By Pastor Peter Hanson
In last month’s blog post, I wrote about how we were emerging from the worst days of the COVID-19 pandemic (“slowly but surely, new life emerges around and among us…”). In these past few weeks since beginning our gradual return to in-person worship and other ministries, I’ve been considering this image alongside similar metaphors that I have found helpful for making sense of what we have all been experiencing.
Early on in Covid-tide, for example, I was drawn to the overlapping images familiar to us in the Upper Midwest: that the initial lockdown was like a “blizzard,” the on-going mandates and adjustments were like a “long winter season,” while the lingering consequences of the Corona Virus could be thought of as a sort of “ice age.” More recently, a Methodist Pastor named Jenny Smith provided a helpful image of running back-to-back marathons (the intended audience of her blog is other pastors, but I believe much of it applies to many of us who are active in church life, both volunteers and staff members).
Surveying the landscape of our life together in the newly unfolding time of re-opening and re-gathering, I’ve more recently been thinking along about the image of re-surfacing, like a deep-sea diver coming up for air. And the more I consider this image, the more I am struck by its somewhat natural corollary: “the bends.”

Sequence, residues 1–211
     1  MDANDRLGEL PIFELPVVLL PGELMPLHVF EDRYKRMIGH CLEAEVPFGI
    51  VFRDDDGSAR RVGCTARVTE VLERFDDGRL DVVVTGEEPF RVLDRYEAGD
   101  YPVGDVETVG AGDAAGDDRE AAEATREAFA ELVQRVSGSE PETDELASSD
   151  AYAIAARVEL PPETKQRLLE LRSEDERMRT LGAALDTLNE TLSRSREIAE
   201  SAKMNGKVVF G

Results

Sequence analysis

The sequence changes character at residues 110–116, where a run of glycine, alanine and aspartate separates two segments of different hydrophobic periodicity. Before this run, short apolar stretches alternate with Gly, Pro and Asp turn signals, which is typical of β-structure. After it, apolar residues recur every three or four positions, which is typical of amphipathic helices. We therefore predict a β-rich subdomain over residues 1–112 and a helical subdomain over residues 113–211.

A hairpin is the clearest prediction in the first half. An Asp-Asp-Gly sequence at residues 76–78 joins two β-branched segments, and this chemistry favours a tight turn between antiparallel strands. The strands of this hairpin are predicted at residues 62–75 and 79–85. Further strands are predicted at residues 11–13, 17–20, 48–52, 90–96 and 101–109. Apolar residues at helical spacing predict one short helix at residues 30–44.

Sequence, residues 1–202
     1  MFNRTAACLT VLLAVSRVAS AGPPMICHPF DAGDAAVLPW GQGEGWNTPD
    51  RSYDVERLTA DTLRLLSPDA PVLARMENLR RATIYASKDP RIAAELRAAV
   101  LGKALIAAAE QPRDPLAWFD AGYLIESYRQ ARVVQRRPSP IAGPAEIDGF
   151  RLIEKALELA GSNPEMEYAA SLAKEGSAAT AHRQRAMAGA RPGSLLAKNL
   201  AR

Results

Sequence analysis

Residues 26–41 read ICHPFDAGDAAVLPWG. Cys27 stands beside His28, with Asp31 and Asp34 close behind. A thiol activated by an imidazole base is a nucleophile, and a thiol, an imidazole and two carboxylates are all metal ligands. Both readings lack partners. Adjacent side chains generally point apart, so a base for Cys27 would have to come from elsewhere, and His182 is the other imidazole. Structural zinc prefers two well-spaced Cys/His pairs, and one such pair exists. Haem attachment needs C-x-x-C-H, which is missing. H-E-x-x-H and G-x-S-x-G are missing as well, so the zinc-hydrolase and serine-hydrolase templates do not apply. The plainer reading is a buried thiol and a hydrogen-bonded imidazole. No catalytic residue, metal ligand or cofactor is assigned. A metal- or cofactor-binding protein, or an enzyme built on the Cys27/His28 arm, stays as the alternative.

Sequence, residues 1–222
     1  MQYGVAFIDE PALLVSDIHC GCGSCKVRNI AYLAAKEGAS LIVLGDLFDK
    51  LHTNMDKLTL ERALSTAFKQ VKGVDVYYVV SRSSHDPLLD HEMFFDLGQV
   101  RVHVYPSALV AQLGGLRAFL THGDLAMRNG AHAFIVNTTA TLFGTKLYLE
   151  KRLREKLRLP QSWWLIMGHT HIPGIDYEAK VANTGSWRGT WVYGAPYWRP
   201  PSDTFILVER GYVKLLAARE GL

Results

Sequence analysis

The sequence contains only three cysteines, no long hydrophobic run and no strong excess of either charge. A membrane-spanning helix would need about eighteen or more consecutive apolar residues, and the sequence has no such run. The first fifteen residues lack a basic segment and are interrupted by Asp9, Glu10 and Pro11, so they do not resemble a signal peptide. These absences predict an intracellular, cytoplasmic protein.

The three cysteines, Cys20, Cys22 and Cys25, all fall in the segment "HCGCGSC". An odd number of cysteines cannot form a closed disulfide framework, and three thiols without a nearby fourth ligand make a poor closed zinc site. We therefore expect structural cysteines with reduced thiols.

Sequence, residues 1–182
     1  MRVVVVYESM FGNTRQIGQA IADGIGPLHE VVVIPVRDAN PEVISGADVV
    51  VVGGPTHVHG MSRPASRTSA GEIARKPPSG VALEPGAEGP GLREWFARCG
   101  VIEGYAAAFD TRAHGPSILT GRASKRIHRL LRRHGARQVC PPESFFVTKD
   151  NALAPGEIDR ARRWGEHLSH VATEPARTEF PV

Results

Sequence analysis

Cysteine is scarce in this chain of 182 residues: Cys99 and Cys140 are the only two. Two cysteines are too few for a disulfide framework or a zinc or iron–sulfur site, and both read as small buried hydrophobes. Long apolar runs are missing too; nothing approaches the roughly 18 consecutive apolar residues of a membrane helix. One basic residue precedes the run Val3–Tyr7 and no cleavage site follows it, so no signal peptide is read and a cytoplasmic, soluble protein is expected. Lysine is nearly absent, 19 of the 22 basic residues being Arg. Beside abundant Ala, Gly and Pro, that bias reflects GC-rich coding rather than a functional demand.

In our excitement for being back together, for returning to a sense of normalcy or even for discovering or creating a “new normal,” I wonder sometimes if we are being careful enough, intentional enough, deliberate enough about our emergence, about our return to the surface. I wonder if, like seasoned deep-sea divers, we need to be more careful not to resurface too quickly, in order to avoid subjecting ourselves to decompression sickness—a condition commonly known as “the bends.”
Friends, now is not the time to rush to put the many and varied pieces of our congregational life back together all at once. We need to start small. We need to pace ourselves. We need to leave ourselves room to grow—and leave room for the Holy Spirit to do her work. And we need to check in frequently with one another—since we are definitely not all at the same comfort level regarding such diverse things as handshaking, singing, sharing food, hugging, or simply occupying public spaces together. We need to embrace our congregational discipleship as a journey, not a destination.
Let’s be compassionate with ourselves as well as kind and understanding with one another. Let’s be intentional, deliberate, and careful with as we re-surface, each of us at a slightly different pace. Let’s remember—and remind one another—to breathe. And even though the earth should change, the mountains tremble, and the waters roar and foam, let us be still and know that God is God (Psalm 46).